Measures designed to ensure that the forthcoming implementation of new European trading rules don’t conflict with existing U.S. rules were announced Thursday by the U.S. Securities and Exchange Commission (SEC) and the European Commission.

The SEC issued three related no-action letters, which aim to make it easier for firms that operate in both the U.S. and Europe to comply with the SEC’s rules and the implementation of the European Union’s (EU) Markets in Financial Instruments Directive (MiFID II) on Jan. 3.

“The no-action relief provides a path for market participants to comply with the research requirements of MiFID II in a manner that is consistent with the U.S. federal securities laws,” the SEC says in its announcement. It also gives U.S. regulators time to assess how the investment business changes in response to the new European rules.

In particular, the no-action letters will allow broker-dealers, on a temporary basis, to receive research payments from asset managers in hard dollars, or from advisory clients’ research payment accounts. They will also allow money managers to continue aggregating orders for mutual funds and other clients, and to rely on an existing safe harbour when paying broker-dealers for research and brokerage.

“Today’s no-action relief was designed with input from a range of market participants to reduce confusion and operational difficulties that might arise in the transition to MiFID II’s research provisions,” says Jay Clayton, SEC chairman, in a statement.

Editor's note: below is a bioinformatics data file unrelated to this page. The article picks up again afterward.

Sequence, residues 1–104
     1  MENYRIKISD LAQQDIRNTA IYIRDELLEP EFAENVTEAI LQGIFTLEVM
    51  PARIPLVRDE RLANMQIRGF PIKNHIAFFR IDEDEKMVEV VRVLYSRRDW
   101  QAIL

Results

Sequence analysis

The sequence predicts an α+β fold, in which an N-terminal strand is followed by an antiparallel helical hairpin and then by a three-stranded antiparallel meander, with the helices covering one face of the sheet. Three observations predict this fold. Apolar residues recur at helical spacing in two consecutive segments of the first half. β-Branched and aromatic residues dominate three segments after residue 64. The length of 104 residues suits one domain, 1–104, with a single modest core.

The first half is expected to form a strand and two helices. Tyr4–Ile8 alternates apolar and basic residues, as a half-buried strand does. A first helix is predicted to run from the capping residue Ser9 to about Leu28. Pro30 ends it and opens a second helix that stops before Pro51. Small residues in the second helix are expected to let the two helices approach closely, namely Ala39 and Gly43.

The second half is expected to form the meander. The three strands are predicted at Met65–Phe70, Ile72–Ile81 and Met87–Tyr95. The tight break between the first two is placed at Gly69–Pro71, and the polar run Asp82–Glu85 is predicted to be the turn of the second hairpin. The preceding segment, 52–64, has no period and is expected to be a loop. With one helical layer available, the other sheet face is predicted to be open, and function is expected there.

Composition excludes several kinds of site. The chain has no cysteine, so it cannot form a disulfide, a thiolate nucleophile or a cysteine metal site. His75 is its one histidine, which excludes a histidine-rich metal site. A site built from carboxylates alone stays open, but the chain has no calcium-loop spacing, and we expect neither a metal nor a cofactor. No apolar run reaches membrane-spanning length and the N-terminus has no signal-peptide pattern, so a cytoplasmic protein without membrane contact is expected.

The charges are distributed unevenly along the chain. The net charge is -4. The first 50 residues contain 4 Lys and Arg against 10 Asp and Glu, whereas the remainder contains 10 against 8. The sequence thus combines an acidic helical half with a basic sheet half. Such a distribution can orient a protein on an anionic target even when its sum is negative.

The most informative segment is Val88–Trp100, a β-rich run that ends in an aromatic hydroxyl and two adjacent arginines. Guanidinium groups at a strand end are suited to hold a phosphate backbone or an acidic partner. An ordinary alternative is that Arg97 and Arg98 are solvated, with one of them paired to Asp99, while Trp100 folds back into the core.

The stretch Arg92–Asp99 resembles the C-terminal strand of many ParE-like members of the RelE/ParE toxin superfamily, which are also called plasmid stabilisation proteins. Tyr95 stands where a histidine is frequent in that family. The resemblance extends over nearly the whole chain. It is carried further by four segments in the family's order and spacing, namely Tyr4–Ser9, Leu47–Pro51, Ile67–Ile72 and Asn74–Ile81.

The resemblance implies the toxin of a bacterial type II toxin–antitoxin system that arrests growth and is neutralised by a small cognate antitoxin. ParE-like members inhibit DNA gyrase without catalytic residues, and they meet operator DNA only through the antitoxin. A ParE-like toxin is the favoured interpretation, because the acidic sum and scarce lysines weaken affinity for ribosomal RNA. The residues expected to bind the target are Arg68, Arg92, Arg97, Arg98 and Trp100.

“Staff’s letters take a measured approach in an area where the EU has mandated a change in the scope of accepted practice, and accommodate that change without substantially altering the U.S. regulatory approach,” he adds.

Also Thursday, the European Commission issued new guidance that aims to clarify how European investment firms can access brokerage and research services from foreign broker-dealers while remaining in compliance with their obligations under MiFID II.

“With the issued guidance EU firms will have greater clarity on how to deal with non-EU brokers that provide research. In this context, we welcome the decision of the staff of the U.S. Securities and Exchange Commission to simultaneously agree to relief for U.S. brokers supplying research to EU firms. Our co-ordinated action again shows the excellent EU-US co-operation in international financial regulatory matters,” says Valdis Dombrovskis, vice president in charge of financial stability, financial services and capital markets union, in a statement.